Shem Hotep ("I go in peace").
Alice Marie Coachman.
Alice Marie Coachman (born November 9, 1923 in Albany, Georgia) is an American former athlete. She specialized in high jump, and was the first black woman to win an Olympic gold medal.
Coachman dominated the AAU outdoor high jump championship from 1939 through 1948, but was unable to compete in the Olympic Games as they were cancelled in 1940 and 1944 because of World War II.
In the high jump finals of the 1948 Summer Olympics, Coachman leaped 1.68 m (5 ft 6⅛ in) on her first try. Her nearest rival, Great Britain's Dorothy Tyler, matched Coachman's jump, but only on her second try. Coachman was the only American woman to win an Olympic gold medal in 1948.
Coachman also excelled in the indoor and outdoor 50 m dash and the outdoor 100 m dash. Representing Tuskegee Institute, Coachman also ran on the national champion 4 x 4 100-meter relay team in 1941 and 1942. Coachman is an honorary member of Alpha Kappa Alpha Sorority, inducted in 1998 during the sorority's international conference.
Cheikh Anta Diop (29 December, 1923 in Thieytou, Diourbel Region - 7 February, 1986 in Dakar) was an Afrocentric historian, anthropologist, physicist and politician who studied the human race's origins and pre-colonial African culture.
The Color of Man.
It is generally conceded in most scholarly circles, that mankind originated in Africa. This makes the African man the father, and the African woman the mother of mankind.
By necessity, the earliest people were ethnically homogeneous and Negroid. Gloger's Law, which would also appear to be applicable to human beings, lays it down that warm-blooded animals evolving in a warm humid climate will secrete a black pigment (eumelanin). Hence, if mankind originated in the tropics around the latitude of the great lakes, he was bound to have brown pigmentation from the start and it was by differentiation in other climates that the original stock later split into different races.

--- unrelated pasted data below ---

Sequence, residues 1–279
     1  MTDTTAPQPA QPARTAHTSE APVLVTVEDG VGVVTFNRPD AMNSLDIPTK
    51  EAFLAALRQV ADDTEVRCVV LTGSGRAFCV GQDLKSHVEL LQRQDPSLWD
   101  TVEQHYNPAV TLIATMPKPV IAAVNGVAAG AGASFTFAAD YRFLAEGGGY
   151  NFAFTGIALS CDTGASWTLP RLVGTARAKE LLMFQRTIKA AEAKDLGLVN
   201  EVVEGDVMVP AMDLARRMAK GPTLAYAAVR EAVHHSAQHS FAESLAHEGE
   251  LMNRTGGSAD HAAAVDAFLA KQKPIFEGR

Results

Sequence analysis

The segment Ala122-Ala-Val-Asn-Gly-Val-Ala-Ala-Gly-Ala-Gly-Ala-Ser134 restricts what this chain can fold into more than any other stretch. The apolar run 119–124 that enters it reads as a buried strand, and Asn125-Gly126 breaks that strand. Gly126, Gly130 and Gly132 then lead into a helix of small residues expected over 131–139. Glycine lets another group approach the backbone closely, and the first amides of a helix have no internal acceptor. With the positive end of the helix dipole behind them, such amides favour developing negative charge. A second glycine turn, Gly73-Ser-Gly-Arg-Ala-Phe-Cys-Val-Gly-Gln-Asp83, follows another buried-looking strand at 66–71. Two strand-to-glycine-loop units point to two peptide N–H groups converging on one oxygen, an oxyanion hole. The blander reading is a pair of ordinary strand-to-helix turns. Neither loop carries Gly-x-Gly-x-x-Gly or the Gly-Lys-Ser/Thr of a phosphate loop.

According to Cheikh Anta Diop, "the color black acts as a protection of the organism. If man was first born in Africa and had not been black, he would not have survived. We know scientifically, that ultra-violet rays would have destroyed the human organism in the equatorial regions, if the organism had not been protected by black pigmentation, that is Melanin. That is obviously why man, first born in Africa was black. It is not something we need to be proud of, it is simply a fact."
The oldest known fossil remains, according to Dr. Louis Leakey, were found in the Olduvai Gorge region in Kenya, Uganda and Tanzania. These first "small" people were known as the "Twa", who worshipped the God Bes, a primitive human form of Horus I, being the earliest form of Ptah—the God of Gods.
We also find this same black God, Ptah, symbolized in the mystery system in Egypt. The Twa are said to have migrated the four thousand one hundred miles of the Nile river, establishing what was later to become the Egyptian civilization.
According to Manetho, the first dynasty was established by Menes (or Narmer), about 5500 B.C., when Menes conquered Lower Egypt, combining both Upper and Lower Egypt. This alliance of the red and white crowns of the two countries were joined, and Menes inherited the double diadem, becoming the first Pharaoh of the world.
Imhotep "Father of Medicine" (2980 B.C.)
Imhotep, called "God of Medicine," "Prince of Peace," and a "Type of Christ." Imhotep was worshipped as a god and healer from approximately 2850 B.C. to 525 B.C., and as a full deity from 525 B.C. to 550 A.D. Even kings and queens bowed at his throne. Imhotep lived during the Third Dynasty at the court of King Zoser. Imhotep was a known scribe, chief lector, priest, architect, astronomer and magician (medicine and magic were used together.) For 3000 years he was worshipped as a god in Greece and Rome. Early Christians worshipped him as the "Prince of Peace."
Imhotep was also a poet and philosopher. He urged contentment and preached cheerfulness. His proverbs contained a "philosophy of life." Imhotep coined the saying "Eat, drink and be merry for tomorrow we shall die."
When the Egyptians crossed the Mediterranean, becoming the foundation of the Greek culture, Imhotep's teachings were absorbed there. Yet, as the Greeks were determined to assert that they were the originators of everything, Imhotep was forgotten for thousands of years and a legendary figure, Hippocrates, who came 2000 years after him became known as the Father of Medicine.